Mérida’s Monumento a la Patria — a temple to unity, history, and belonging

El Monumento a la Patria is without a doubt one of Mérida’s most recognizable landmarks. Even visitors passing through the city for only a day, or even a few hours, likely stop by and visit this iconic monument. 

The Mexican flag flies proudly above Mérida’s most iconic monument, El Monumento a la Patria. Photo: Carlos Rosado van der Gracht. 

The Monumento a la Patria, or Monument to the Homeland, was crafted by the Mexican/Colombian sculptor Rómulo Rozo at the northmost point of Mérida’s iconic Paseo de Montejo. 

Bust of Rómulo Rozo on the northmost end of Paseo de Montejo, across the avenue from his greatest professional accomplishment. Photo: Carlos Rosado van der Gracht.

Construction of the monument began on March 7, 1945 and took more than 11 years to complete with the collaboration of architect Manuel Amábilis Domínguez and his son Max Amábilis.

On the south-facing end of the monument (usually considered the front) stands a large feminine figure with indigenous features complete with pre-Hispanic clothing and jewelry. Photo: Carlos Rosado van der Gracht

Carved out of stone by Rozo himself, the Monumento a la Patria depicts scenes from Mexican history including the declaration of independence, the revolution, and the battle for Puebla. 

Historical events and myths are depicted on Mérida’s Monumento a la Patria in equal measure, sometimes blurring the line between one and the other. Photo: Carlos Rosado van der Gracht

The monument also depicts Mexico’s active role in international affairs by recalling the country’s role in World War II.

A little known fact: In 1938, Mexico was the only country to protest the Anschluss (annexation) of Austria by Nazi Germany. This bold move was commemorated in 1956 by the christening of Mexikoplatz (Mexico Square) in Austria’s capital, Vienna. Photo: Carlos Rosado van der Gracht

But as much as the Monumento a la Patria was designed to commemorate history, it was also crafted with the intention of making people in Yucatán feel more part of the republic, that is to say, more Mexican.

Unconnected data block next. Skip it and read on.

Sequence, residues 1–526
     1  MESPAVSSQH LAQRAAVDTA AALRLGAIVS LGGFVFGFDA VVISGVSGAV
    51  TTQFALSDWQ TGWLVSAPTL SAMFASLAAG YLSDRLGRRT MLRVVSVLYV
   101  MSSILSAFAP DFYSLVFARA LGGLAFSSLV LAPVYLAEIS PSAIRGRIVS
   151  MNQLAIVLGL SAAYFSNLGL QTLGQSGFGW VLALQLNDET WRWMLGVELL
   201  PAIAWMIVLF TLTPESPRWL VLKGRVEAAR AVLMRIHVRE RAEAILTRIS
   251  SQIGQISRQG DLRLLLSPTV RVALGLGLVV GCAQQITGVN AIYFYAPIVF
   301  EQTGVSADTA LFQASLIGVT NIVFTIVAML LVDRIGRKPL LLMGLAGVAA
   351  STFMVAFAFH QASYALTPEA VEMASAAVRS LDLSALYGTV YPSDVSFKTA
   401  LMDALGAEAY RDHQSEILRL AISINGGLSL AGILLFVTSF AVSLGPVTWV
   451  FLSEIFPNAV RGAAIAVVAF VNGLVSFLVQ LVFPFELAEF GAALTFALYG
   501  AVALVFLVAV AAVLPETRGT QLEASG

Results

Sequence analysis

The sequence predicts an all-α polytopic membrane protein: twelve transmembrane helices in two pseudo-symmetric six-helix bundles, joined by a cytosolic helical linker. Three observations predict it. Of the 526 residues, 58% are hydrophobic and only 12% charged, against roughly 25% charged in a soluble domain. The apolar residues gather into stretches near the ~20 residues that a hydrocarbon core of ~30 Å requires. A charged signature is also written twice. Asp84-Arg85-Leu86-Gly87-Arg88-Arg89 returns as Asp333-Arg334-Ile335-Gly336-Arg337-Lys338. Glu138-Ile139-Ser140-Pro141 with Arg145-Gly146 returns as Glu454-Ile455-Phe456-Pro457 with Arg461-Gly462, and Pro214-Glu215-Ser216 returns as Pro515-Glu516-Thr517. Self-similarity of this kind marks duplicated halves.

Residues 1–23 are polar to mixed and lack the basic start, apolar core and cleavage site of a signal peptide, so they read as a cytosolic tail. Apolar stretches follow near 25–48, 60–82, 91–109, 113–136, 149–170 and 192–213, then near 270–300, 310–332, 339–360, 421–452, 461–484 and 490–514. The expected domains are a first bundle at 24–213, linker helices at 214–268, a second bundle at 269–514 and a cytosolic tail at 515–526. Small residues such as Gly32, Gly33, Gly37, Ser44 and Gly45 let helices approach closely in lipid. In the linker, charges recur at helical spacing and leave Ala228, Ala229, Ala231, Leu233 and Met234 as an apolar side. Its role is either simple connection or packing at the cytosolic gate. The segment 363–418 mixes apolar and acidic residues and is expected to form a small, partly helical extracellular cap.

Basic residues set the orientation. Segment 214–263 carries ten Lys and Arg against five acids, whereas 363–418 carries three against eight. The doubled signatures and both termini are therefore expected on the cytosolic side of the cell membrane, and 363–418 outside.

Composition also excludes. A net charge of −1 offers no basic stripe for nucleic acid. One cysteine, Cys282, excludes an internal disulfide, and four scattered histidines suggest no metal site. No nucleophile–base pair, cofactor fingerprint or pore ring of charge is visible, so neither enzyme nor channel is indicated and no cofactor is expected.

El Monumento a la Patria does not depict scenes of warfare between Europeans and the native Maya, choosing rather to present the fusion of these two cultures as an encounter set in motion by providence. Photo: Carlos Rosado van der Gracht

Though by 1945 nearly a century had passed since Yucatán had been reincorporated into the Mexican republic, the reality was that its great geographic isolation from the rest of the country meant that many Yucatecos felt more Yucatecan than they did Mexican. 

“I have erected in Mérida this great altar to embolden our nation’s spirit and to erase all notions of Yucatecan succession. This homeland is for us all,” said Rozo of El Monumento a la Patria. 

The Monumento a la Patria incorporates into its aesthetic several elements from pre-Hispanic art such as the Chac Mool. Photo: Carlos Rosado van der Gracht 

The theme of national unity is reinforced by placing the emblems of each state and territory of the country around a fountain meant to represent the lake of Texcoco, the legendary birthplace of Mexico.

The Monumento a la Patria’s rendering of lake Texcoco comes complete with a large representation of Mexico’s founding myth —  the struggle between good and evil personified by an eagle battling a snake atop a cactus. Photo: Carlos Rosado van der Gracht

Acting as a backdrop to the lake of Texcoco is a rendering of the sacred Mayan tree of life, the mighty Ceiba.

The ancient Yucatec-Maya believed the Ceiba tree to be sacred as it and its roots symbolized all 13 realms of the universe, with the land of the gods at the very top, the earth at ground level, and the deepest regions of the netherworld (Xibalba) at the bottom of its roots. Photo: Carlos Rosado van der Gracht 

The Monumento a la Patria also features images featuring illustrious Mexicans who made great contributions to the arts. 

To the left of the great Ceiba, it is possible to observe a scene featuring the image of Sor Juana Inés de la Cruz, a Mexican writer, philosopher, composer, and poet of the Baroque period, as well as a Hieronymite nun. Photo: Carlos Rosado van der Gracht

Also making an appearance on the great monument are several images of animals including a variety of birds and animals associated with Maya mythology such as the jaguar. 

For the ancient Maya, the jaguar, or balam, was closely associated with the sun, but also with the night and consequently was thought to have the ability to cross between the realms of the living and the dead. Photo: Carlos Rosado van der Gracht

It would perhaps not be unfair to characterize el Monumento a la Patria as propaganda, though the same could be said of just about every other piece of publicly commissioned art.

It is hard to imagine Mérida without el Monumento a la Patria, and it is unlikely we will ever have to. Photo: Carlos Rosado van der Gracht

Nowadays El Monumento a la Patria also serves many civic functions, being a popular location for everything from celebrating victories in sport to holding protests or vigils. 

Supporters of marriage equality at a rally in front of Mérida’s Monumento a la Bandera in 2019. Photo: Courtesy
Carlos Rosado van der Gracht
Carlos Rosado van der Gracht
Born in Mérida, Carlos Rosado van der Gracht is a Mexican/Canadian blogger, photographer and adventure expedition leader. He holds degrees in multimedia, philosophy, and translation from universities in Mexico, Canada and Norway.
A D V E R T I S E M E N Tspot_img
A D V E R T I S E M E N Tspot_img
Verified by ExactMetrics